'Rosie and Jim' and 'Postman Pat' creator has died at age 85
John Cunliffe's agency publicly confirmed the writer's death after a newspaper published his obituary.
Cunliffe, an English author, was best-known as the boat driver named "Fizzgog on "Rosie and Jim" who would often join the two on their adventures. The ragdoll couple lived on a narrowboat in the show.
Behind the scenes, he was the writer of "Postman Pat" which first aired on BBC1 back in 1981. The children's show ran for 13 episodes.
Follow us on Twitter for more @amomama_usa.
The series followed the adventures of a rural postman named Pat Clifton who lived in a fictional village called Greendale with his black and white cat Jess.
According to the Sun, animator Ivor Wood directed the series. Wood also did work on the "Magic Roundabout," "The Wombles," "Paddington Bear" and the "Herbs."
The Ilkley Gazette put in Cunliffe's obituary:
"CUNLIFF John Left his Ilkley home in a deluge of rain on Thursday, September 20, never to return."
Cunliffe, who worked as a librarian and a teacher for many years, had used the stunning scenery of his Kendal, Cumbria home as inspiration for the setting in "Postman Pat." He lived there for six years.
The obituary continued:
"Even the skies wept for John the gifted creator of 'Postman Pat,' 'Rosie and Jim' and author of many earlier published collections of poetry and picture story books for children."
After the 1990s 50-episode run of "Rosie and Jim," Cunliffe turned some of the scripted stories into books.
"John's last poetry collection, significantly entitled 'Dare You Go' has now come to fruition for John has dared to go and he has gone."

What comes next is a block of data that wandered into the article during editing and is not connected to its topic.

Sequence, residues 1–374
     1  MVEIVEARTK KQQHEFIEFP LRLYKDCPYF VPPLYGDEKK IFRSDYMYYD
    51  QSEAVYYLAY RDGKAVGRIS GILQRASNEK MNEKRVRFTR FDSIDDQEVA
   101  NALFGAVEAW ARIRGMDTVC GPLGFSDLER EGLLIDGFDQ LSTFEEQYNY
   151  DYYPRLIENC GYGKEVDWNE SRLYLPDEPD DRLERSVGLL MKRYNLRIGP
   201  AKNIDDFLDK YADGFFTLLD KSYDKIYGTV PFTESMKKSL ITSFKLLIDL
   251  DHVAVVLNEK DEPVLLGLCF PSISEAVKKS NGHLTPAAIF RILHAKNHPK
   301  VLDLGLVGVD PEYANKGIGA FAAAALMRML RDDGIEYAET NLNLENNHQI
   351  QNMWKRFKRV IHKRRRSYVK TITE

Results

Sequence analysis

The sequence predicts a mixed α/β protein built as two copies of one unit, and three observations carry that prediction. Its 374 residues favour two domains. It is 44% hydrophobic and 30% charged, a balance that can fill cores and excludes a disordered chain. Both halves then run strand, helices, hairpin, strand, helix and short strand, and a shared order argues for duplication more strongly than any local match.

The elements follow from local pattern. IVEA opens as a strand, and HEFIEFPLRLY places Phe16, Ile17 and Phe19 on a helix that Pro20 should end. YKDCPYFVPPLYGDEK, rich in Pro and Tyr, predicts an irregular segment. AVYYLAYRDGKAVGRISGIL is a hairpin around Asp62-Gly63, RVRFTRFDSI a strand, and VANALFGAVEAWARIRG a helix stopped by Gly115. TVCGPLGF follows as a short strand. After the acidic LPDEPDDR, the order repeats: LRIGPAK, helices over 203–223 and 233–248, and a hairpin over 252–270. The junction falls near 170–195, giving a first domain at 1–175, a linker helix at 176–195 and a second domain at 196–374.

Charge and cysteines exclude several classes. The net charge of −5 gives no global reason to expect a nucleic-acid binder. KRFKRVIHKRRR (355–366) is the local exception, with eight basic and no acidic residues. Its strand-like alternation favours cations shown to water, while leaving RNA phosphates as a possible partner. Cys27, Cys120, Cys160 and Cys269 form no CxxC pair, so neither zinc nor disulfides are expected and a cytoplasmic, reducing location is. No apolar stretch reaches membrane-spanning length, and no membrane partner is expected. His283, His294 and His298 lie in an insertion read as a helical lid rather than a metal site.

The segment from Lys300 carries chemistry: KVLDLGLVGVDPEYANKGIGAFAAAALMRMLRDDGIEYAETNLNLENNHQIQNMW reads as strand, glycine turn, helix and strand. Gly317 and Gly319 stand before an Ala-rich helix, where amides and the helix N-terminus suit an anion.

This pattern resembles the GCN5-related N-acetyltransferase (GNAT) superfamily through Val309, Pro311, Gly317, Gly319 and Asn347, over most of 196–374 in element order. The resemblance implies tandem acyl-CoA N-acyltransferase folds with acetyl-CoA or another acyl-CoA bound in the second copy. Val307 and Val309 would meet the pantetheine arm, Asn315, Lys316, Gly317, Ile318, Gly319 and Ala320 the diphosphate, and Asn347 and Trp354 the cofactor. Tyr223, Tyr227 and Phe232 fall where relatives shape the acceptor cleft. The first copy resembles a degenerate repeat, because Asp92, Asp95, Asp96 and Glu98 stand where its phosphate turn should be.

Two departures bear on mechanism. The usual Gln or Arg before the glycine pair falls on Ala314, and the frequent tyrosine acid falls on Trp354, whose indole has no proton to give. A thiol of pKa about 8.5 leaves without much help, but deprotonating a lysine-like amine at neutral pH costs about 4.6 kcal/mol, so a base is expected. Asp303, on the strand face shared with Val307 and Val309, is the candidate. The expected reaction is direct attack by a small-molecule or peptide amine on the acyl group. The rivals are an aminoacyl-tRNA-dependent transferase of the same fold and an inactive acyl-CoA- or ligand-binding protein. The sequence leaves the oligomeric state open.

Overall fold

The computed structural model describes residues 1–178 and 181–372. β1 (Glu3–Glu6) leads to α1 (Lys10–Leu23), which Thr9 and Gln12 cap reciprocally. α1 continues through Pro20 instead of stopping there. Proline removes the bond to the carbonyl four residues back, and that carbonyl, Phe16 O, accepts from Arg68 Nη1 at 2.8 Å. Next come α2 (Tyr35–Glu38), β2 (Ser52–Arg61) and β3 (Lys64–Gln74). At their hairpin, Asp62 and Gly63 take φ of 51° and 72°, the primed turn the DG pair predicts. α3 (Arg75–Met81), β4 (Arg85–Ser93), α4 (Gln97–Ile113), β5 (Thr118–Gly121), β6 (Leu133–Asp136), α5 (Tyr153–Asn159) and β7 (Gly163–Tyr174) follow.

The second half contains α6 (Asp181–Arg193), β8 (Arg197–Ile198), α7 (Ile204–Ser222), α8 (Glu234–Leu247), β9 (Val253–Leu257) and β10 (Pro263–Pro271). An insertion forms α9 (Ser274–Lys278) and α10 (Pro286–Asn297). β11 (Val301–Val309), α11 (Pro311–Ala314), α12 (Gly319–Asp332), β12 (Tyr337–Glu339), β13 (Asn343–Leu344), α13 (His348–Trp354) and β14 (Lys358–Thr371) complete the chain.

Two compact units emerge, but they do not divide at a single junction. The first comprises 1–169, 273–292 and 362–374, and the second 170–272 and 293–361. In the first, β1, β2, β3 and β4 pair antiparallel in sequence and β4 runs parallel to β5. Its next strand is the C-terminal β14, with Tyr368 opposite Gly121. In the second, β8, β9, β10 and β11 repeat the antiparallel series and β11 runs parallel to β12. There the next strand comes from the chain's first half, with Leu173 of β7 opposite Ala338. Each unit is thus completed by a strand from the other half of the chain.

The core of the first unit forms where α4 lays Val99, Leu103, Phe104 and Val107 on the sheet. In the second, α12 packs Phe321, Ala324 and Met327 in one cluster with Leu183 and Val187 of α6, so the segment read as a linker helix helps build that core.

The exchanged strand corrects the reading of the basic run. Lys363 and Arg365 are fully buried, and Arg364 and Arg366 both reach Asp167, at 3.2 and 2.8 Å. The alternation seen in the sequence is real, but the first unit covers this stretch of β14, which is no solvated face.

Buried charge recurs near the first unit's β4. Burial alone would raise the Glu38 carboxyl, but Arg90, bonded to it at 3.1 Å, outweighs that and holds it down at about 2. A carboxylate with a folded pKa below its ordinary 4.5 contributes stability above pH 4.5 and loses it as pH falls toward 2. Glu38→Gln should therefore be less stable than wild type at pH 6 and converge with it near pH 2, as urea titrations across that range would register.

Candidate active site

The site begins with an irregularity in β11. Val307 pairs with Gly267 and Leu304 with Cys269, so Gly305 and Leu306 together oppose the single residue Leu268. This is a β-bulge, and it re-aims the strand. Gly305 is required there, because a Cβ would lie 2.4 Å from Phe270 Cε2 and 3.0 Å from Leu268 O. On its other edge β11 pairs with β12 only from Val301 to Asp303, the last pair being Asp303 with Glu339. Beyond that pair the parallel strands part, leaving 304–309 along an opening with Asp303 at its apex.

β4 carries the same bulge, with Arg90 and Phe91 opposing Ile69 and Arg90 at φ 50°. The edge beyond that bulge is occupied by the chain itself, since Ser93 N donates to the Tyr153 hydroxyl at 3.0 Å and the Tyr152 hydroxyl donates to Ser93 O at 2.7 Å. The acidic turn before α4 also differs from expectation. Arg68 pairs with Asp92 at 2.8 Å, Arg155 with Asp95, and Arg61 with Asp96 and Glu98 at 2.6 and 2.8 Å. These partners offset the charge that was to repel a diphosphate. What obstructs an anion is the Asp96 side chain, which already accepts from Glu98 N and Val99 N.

Cunliffe's work had propelled him to celebrity status in his local town. Kendal's Museum of Lakeland Life commemorated him with a dedicated museum room.
In 2003, the Cosgrove Hall Films re-created the "Postman Pat" series by expanding on many areas in the original show.
Cunliffe himself created a new children's story called "Ghosts" as recently as 2010 for iPad.
Growing up, John had a keen interest in reading. His favorite authors included H. Rider Haggard, Sax Rohmer, and Norman Hunter.
He passed away on September 20 for unknown causes.
On May 22, 2018, a famous American author passed away also at age 85. Philip Roth succumbed to a congestive heart failure, leaving behind a legacy of renowned writing works.
The New Jersey native won several awards for his books. Most notably, he wrote the stories "Goodbye, Columbus," "American Pastoral," and "Portnoy's Complaint."
The latter propelled him to fame as well as a level of infamy due to the bluntness Roth used when it came to bedroom matters combined with him being a jew.